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Acrylamides in coffee … should you be worried?


Coffee is one of the most popular beverages in the world, one that’s enjoyed by millions of people across different cultures. However, despite its popularity and its health benefits, roasted coffee beans have been found to contain small amounts of a compound called acrylamide.  But what is it, really? Find out below:

What is acrylamide?

Acrylamide is an odorless chemical used in different industries, including construction, textiles, and cosmetics. It is mostly used to produce polyacrylamide, a compound that treats effluent (sewage or liquid waste) from various industrial processes and water treatment operations.

However, it occurs naturally as well. In fact, cooking starchy foods using high temperatures produces this compound — a process called the Malliard reaction. Because of this, the compound is also often found in breakfast cereals, baked goods and potato chips. (Related: Say no to acrylamide: The 4 health risks associated with french fries.)

Roasting coffee beans also produces a small amount of acrylamide — although the amount produced will depend on the roasting time. As such. some varieties of coffee contain more acrylamides than others. Coffee substitutes derived from grains or chicory root contain the highest concentration of acrylamide, at 818 micrograms per kilogram (mcg/kg). In comparison, natural roasted coffee contains the least amount, at 179 mcg/kg. Instant coffee has acrylamide as well, containing up to 358 mcg/kg.

What are the health risks linked to acrylamide?

Excess amounts of acrylamide is dangerous. People working in factories and industries using acrylamide are the most vulnerable. Here are the known health risks associated with acrylamide:

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  • It can harm the nervous system – Workers who are exposed to acrylamide exhibit muscle weakness, clumsiness, and numbness in hands and feet, among others.
  • It can interfere with one’s reproductive ability – Exposure to acrylamide can inhibit the ability of male animals to reproduce. There are suggestions that this may apply to humans as well.
  • It can hinder the development of children – In animals, researchers observed decreased body weight, delayed development of motor skills and indicators of repressed learning ability, among others, when exposed to acrylamide. However, there are no reports that these same effects apply to humans.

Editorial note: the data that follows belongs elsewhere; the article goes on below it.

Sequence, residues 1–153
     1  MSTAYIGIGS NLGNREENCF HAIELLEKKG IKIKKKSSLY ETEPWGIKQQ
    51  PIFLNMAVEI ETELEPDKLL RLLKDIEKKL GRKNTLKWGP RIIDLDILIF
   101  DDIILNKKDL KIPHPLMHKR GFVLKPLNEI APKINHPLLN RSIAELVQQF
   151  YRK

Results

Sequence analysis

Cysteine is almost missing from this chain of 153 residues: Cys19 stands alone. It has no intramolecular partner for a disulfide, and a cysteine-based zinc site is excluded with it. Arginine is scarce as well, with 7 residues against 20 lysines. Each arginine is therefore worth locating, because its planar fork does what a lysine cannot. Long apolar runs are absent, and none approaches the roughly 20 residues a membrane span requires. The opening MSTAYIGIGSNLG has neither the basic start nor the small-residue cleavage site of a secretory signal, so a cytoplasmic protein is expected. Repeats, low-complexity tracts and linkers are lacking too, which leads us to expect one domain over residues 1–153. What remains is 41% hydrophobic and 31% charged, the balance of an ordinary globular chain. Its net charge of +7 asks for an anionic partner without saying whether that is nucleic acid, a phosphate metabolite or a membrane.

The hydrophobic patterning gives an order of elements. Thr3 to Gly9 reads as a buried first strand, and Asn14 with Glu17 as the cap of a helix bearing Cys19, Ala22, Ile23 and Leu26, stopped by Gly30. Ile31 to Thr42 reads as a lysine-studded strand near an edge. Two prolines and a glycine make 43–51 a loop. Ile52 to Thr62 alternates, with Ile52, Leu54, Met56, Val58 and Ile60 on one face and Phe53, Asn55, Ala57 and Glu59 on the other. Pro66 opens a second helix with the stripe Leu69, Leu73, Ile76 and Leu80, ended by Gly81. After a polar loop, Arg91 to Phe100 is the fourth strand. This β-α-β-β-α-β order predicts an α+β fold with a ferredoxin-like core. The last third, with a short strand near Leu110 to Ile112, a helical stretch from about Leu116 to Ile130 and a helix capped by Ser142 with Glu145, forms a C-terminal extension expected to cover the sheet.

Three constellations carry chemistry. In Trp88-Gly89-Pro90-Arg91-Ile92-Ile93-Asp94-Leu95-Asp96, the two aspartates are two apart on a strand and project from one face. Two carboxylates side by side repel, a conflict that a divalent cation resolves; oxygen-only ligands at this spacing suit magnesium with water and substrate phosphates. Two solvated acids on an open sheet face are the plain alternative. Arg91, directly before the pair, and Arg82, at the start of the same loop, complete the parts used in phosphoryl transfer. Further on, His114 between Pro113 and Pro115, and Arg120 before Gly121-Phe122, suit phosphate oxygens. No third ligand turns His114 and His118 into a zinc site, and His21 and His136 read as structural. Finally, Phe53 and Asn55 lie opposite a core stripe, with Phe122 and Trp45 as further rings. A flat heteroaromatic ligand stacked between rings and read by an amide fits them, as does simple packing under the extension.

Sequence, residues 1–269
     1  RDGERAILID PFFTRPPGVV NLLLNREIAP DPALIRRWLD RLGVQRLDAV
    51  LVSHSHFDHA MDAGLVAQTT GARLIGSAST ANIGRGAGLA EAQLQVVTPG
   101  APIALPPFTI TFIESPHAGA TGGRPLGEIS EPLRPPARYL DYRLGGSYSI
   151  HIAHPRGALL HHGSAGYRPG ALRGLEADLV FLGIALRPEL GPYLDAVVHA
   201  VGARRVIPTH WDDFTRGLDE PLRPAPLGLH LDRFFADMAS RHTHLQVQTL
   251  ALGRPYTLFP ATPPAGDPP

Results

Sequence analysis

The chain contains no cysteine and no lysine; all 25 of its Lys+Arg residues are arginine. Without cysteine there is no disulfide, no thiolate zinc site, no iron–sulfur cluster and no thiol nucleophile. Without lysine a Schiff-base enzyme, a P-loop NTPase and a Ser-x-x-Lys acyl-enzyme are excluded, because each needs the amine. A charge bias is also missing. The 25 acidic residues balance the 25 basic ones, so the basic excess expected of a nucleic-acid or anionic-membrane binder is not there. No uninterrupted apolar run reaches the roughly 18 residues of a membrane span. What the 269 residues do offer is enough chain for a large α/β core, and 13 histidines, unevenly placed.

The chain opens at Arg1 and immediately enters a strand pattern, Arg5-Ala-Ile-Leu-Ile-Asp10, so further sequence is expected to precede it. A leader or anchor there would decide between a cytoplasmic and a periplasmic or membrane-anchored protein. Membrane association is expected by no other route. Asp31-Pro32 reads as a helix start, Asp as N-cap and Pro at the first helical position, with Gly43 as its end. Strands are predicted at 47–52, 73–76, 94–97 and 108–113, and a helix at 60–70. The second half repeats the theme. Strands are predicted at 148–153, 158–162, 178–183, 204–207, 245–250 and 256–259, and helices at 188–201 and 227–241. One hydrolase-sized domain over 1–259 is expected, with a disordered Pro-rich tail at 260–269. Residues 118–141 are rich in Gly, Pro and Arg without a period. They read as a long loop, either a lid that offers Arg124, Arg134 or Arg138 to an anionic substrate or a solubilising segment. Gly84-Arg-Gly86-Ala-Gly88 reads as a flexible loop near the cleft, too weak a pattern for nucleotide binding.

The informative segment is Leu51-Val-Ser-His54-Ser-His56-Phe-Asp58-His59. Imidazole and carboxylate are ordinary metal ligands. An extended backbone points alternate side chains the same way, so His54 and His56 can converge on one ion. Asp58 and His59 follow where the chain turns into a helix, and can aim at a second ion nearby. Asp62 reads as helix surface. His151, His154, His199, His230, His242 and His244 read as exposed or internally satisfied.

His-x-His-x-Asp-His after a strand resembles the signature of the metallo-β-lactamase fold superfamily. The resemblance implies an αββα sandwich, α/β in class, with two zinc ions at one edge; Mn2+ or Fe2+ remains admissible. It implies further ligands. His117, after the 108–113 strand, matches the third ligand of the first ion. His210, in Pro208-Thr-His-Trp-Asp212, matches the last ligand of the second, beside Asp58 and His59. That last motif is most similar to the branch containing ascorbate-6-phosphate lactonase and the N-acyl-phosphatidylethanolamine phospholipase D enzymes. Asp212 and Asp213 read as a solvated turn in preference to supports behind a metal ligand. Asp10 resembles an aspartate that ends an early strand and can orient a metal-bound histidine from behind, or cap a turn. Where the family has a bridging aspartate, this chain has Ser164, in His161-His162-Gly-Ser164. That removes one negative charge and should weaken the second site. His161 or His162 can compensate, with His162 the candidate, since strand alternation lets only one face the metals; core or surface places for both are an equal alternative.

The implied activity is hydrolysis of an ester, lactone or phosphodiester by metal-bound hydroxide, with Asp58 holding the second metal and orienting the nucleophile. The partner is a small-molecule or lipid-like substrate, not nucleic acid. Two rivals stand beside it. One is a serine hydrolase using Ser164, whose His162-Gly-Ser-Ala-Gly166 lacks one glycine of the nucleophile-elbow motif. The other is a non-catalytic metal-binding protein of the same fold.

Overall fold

It is important to remember however that these effects only stem from exposure to  extremely high levels of acrylamide. Unless a person is an industrial worker who is in constant contact with the chemical, he is not likely to develop these conditions.

However, some studies are suggesting that eating foods with acrylamide – even at incredibly low amounts – may damage neurons. According to such studies, this can contribute to neurodegenerative diseases like Alzheimer’s disease, as its makeup is similar to acrolein, a compound found in the brains of people suffering from neurodegenerative diseases.

Is it carcinogenic?

According to a studies by the International Agency for Research on Cancer, the US National Toxicology Program and the US Environment Protection Agency, acrylamide is seen to be likely carcinogenic to humans. It is important to note, however, that this conclusion is based on animal studies. In fact, according to the American Cancer Society, further research is needed to properly determine if consuming acrylamide increases the risk of cancer in humans.

Is it time to stop drinking coffee?

Even though coffee does contain trace amounts of acrylamide, the drink’s inherent numerous health benefits far outweigh the perceived risk stemming from acrylamide. In fact, one review even pointed out that despite its presence in coffee, the researchers did not find evidence that drinking coffee can lead to an increased risk of cancer.

For coffee lovers out there, there is no need to give up your favorite beverage. If you are still worried about the acrylamide, avoid roasted coffee beans and get a cup or two of green coffee instead. If you truly want to reduce exposure to this compound, avoid processed foods and baked goods as well.

Find out more about potentially toxic compounds in your favorite foods and beverages at Chemicals.news.

Sources include: 

MedicalNewsToday.com

ChemicalSafetyFacts.org

ScienceDaily.com

Cancer.org

ATSDR.CDC.gov

Healthline.com

NCBI.NLM.NIH.gov



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